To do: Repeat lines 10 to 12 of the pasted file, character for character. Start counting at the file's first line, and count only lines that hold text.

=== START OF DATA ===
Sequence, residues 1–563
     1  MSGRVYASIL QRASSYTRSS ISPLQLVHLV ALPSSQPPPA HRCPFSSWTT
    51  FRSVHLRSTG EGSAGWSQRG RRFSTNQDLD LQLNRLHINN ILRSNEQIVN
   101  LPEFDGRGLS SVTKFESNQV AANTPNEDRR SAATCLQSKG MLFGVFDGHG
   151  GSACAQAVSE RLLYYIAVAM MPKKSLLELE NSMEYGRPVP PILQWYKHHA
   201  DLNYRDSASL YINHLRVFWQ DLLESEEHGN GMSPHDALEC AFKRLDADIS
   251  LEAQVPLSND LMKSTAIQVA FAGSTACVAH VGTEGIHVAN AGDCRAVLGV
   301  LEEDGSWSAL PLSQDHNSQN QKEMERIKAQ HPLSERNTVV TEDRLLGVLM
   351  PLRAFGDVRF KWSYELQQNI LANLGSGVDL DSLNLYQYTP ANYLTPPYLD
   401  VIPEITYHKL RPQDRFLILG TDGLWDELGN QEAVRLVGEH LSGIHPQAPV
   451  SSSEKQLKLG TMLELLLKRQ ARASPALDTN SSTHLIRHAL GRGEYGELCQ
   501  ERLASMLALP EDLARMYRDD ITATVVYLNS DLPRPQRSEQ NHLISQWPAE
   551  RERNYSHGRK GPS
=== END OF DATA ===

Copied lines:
   401  VIPEITYHKL RPQDRFLILG TDGLWDELGN QEAVRLVGEH LSGIHPQAPV
   451  SSSEKQLKLG TMLELLLKRQ ARASPALDTN SSTHLIRHAL GRGEYGELCQ
   501  ERLASMLALP EDLARMYRDD ITATVVYLNS DLPRPQRSEQ NHLISQWPAE